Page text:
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2019 Chevrolet Blazer Test Drive Review
Chevrolet revives a legendary nameplate with the new 2019 Blazer. But this vehicle is hardly the rugged off-roader we remember from yesteryear. Not that there’s anything wrong with that.
Chevy Blazers have historically been capable machines built upon pickup-truck skeletons. The all-new 2019 Blazer is anything but an off-roader. With 21-inch tires and standard front-wheel drive, this crossover feels at home on the road, not off it. Maybe that's why the more I drove the 2019 Chevrolet Blazer on the highways and byways of Southern California, the more I liked it. Think of this new midsize 5-passenger crossover as the Camaro of SUVs, and you’ll understand its purpose and position among its competition.
Look and Feel
After pulling into a parking space outside a coffee shop, I went inside to place an order. The young barista welcomed me as I stepped through the doorway, and then immediately followed up with: “I really like your car! That looks great!”
Spoken and unspoken, this was a common reaction wherever I drove the new 2019 Chevy Blazer. Whether winding my way through the Silicon Beach region of Los Angeles or literally pounding down the crumbling but busy streets of ultra-hot Koreatown, people (and mostly guys) took notice of the new Blazer. Stares, double-takes, thumbs-up, comments; I got them all.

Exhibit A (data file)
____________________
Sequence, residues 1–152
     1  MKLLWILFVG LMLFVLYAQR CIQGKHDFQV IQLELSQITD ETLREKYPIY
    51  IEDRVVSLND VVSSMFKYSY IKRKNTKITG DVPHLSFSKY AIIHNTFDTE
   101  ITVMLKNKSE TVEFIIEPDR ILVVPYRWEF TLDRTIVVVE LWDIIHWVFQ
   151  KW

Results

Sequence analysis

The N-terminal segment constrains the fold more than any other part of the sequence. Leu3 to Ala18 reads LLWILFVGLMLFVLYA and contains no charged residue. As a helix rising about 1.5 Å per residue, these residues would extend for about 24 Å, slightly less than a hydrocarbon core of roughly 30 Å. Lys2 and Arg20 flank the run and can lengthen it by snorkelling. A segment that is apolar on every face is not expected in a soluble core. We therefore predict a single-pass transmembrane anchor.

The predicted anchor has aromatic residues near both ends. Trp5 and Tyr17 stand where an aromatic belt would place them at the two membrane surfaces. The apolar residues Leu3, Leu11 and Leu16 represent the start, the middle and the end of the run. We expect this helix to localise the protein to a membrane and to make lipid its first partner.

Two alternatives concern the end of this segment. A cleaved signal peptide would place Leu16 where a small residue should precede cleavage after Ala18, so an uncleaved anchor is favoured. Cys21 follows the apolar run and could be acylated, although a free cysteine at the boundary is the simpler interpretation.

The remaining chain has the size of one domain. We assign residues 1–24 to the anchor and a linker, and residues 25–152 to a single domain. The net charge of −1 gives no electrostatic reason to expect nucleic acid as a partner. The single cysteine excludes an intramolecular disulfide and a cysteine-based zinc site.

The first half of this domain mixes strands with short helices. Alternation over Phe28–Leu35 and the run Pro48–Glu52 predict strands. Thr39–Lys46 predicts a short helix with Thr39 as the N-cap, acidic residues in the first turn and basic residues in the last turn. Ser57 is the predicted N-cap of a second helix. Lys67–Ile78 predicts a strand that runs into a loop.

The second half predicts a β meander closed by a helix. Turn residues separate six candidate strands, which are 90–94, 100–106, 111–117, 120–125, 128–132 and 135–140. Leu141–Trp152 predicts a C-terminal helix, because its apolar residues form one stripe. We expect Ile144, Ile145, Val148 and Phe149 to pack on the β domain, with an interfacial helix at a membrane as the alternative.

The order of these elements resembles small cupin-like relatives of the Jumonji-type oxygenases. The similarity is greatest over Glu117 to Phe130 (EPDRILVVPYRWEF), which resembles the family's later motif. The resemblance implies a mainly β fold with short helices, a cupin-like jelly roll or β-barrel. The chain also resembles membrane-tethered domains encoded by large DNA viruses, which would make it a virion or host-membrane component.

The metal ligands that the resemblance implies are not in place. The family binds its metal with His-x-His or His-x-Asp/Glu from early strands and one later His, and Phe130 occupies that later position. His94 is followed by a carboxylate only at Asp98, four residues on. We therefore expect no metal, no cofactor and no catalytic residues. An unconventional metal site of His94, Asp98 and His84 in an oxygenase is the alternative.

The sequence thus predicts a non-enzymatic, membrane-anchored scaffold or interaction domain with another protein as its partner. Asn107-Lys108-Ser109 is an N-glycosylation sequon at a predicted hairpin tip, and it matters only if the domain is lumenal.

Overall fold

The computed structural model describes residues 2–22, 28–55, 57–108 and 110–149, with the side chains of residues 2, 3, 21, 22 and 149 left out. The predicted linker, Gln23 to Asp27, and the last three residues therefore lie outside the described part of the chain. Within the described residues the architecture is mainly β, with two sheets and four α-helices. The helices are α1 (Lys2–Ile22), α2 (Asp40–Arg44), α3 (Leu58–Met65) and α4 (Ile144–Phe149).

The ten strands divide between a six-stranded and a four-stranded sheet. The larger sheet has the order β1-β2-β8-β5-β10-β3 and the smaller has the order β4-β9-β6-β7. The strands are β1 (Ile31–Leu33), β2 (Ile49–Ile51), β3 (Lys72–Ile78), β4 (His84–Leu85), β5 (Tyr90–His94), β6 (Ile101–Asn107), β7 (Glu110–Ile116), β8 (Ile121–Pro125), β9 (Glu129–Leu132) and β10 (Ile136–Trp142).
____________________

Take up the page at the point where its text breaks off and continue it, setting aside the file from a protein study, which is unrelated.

Indeed, the new Blazer does look great, especially in sporty RS or upscale Premier trim with the big, fancy wheels and nice interior. You can also get a Blazer in base L and mid-grade LT trim, where a 4-cylinder engine comes standard instead of a V6. All-wheel drive (AWD) is optional for LT, RS, and Premier trims, but only with the V6.
Prices range from $29,995 to nearly $55,000 for a Blazer with all the trimmings (including the $1,195 destination charge). My test vehicle included Premier trim, AWD, and the Sun and Wheels Package, bringing the sticker price to $49,290.
Inside, my test Blazer had Maple Sugar-colored leather, and it looked sensational set against the otherwise Jet Black interior. The low-slung dashboard features details copied from Chevy’s own Camaro sport coupe. Aside from inexpensive plastic panels on the lower parts of the cabin, the Blazer Premier provides an appropriately upscale and sporty vibe.
Lots of car companies try to create both distinctive and attractive vehicles, with varying levels of success. In my view, Chevy has hit a home run with the Blazer’s design, inside and out.
Based on my experience in the Blazer's platform-mate, the GMC Acadia, the standard 193-horsepower 2.5-liter 4-cylinder engine and 9-speed automatic transmission is an adequate drivetrain for people living in flat areas who don’t carry or tow lots of weight.
I prefer, though, the robust 305-hp 3.6-liter V6 engine. Swap the standard front-wheel drive (FWD) for AWD, stomp on the accelerator pedal, and the Blazer behaves like an urban slingshot, zipping away from intersections and ripping around corners, thanks to the AWD system’s ability to deliver up to 85% of engine power to a single rear wheel under low-traction conditions.